“When I was a kid, I don’t ever remember thinking I could be a musician,” Bertens says. “Matter of fact, my sister was the singer in the family. She was the one who got the compliments for her musical inclinations. I remember I didn’t have a very good singing voice, so I just kind of wrote off music from a very early age, though I did have piano lessons.”

A turning point came when Bertens was about twenty years old, when he heard Nirvana’s 1994 album Unplugged in New York. “I thought, ‘I could do this!’ So I started listening to the songs and finding the chords on the guitar and singing along to [Kurt Cobain’s] lyrics. I thought, ‘This is cool – I’m really enjoying this connection to music and songwriting.’” Bertens adds that the singer-songwriter Elliott Smith was also a big influence on him at that time.

Inspired, Bertens pursued music with “Brute force – just deciding I was going to do it, and then playing guitar in my bedroom for hours. Anytime I wasn’t working, I’d just be playing guitar.” But out of that work, he recalls with a laugh, came “A lot of really bad songwriting!” Still, he persisted because he felt “highly motivated to do something that was meaningful to me.”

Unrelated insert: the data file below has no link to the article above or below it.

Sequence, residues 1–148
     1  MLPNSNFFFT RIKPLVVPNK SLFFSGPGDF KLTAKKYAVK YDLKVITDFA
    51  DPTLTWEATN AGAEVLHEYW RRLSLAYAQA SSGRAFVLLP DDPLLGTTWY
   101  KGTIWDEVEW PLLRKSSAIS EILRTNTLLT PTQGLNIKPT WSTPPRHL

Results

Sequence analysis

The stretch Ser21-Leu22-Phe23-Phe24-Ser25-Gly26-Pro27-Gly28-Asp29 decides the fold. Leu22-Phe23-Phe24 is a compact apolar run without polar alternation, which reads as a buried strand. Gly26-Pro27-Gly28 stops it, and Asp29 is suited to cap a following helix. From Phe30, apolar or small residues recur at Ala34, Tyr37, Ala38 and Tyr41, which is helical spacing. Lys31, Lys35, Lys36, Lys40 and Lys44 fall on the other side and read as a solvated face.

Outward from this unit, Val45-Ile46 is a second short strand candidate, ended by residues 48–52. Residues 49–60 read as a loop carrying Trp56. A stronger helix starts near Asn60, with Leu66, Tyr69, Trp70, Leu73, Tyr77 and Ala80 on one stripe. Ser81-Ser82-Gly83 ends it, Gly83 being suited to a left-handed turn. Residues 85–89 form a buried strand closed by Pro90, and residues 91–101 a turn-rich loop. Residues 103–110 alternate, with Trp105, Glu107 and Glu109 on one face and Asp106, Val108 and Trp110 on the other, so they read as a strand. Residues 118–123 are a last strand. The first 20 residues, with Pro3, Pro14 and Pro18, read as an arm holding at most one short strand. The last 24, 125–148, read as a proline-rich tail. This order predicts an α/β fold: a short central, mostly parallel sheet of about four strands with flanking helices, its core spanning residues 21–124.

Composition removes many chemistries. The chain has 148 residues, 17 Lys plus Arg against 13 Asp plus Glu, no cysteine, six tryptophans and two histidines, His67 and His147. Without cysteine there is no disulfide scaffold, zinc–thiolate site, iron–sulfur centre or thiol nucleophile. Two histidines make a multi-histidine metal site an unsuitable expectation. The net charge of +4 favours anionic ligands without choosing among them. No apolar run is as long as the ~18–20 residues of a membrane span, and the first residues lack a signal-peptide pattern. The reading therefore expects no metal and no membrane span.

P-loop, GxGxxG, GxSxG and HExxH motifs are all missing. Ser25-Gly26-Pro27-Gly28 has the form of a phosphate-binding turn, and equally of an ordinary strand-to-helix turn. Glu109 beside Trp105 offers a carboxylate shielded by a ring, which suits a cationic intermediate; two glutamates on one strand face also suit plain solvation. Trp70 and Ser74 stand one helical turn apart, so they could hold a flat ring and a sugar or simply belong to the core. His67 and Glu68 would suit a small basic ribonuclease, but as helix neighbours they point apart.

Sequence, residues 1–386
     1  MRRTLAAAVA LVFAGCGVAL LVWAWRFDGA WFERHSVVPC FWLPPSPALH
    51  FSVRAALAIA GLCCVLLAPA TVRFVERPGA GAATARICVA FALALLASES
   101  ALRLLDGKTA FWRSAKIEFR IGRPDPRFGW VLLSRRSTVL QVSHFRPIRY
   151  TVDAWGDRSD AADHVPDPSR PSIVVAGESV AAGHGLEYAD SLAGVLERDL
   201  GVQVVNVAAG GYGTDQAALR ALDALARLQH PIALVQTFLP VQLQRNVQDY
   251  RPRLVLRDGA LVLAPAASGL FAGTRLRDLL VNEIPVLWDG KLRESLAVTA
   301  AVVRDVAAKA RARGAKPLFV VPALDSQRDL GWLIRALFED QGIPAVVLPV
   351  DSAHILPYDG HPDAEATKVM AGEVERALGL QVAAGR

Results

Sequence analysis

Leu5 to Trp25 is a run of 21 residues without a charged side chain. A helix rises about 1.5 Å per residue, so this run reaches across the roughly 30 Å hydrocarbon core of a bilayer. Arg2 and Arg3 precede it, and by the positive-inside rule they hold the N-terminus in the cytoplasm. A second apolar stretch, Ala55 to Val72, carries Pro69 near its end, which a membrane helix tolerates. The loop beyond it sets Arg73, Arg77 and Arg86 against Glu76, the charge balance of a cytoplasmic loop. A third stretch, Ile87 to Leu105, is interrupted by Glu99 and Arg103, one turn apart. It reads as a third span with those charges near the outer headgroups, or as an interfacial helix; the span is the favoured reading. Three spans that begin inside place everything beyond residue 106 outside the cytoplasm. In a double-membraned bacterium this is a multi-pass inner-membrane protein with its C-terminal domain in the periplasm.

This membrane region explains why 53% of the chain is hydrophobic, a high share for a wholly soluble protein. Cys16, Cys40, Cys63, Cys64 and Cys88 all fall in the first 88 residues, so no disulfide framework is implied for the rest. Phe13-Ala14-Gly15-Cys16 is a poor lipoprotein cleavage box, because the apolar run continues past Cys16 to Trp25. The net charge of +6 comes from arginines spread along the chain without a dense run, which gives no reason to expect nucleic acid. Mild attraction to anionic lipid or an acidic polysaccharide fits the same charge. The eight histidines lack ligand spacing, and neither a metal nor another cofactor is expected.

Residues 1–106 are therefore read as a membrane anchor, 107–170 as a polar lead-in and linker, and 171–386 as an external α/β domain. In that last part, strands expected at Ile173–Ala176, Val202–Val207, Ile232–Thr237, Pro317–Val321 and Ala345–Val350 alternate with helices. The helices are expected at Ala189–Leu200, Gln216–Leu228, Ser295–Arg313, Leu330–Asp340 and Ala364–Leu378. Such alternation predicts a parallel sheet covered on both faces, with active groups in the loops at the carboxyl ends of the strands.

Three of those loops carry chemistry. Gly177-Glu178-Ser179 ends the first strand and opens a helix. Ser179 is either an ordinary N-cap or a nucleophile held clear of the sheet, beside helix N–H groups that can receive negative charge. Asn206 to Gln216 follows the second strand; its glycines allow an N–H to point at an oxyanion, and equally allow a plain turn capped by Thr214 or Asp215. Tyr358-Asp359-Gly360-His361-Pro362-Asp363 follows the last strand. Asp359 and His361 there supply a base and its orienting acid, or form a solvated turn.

No matter how hard Bertens worked, though, he never felt quite suited to the straightforward singer-songwriter style. “Then I heard Loveless,” he says of the landmark 1991 album by shoegaze pioneers My Bloody Valentine. “It changed the way that I approached music and the way I thought of music. There was an art form to it that made me feel like it was an expansive landscape to explore.”

Blending shoegaze atmospherics with structured song arrangements resulted in a unique sound, and Bertens knew he was finally on the right track. He sought out like-minded musicians in the San Francisco scene, founding Film School in 1999.

There was a problem, though: by the late ‘90s, shoegaze music was considered completely passé. “Looking back now, we couldn’t have started this project at a worse time!” Bertens says with a wry laugh. “I remember people calling us ‘New Gaze,’ and it was an insult. We were taken to the woodshed by a couple of writers who were essentially saying, ‘You guys are just trying to rip off this genre; you have no business doing that. And by the way, this genre sucks.’”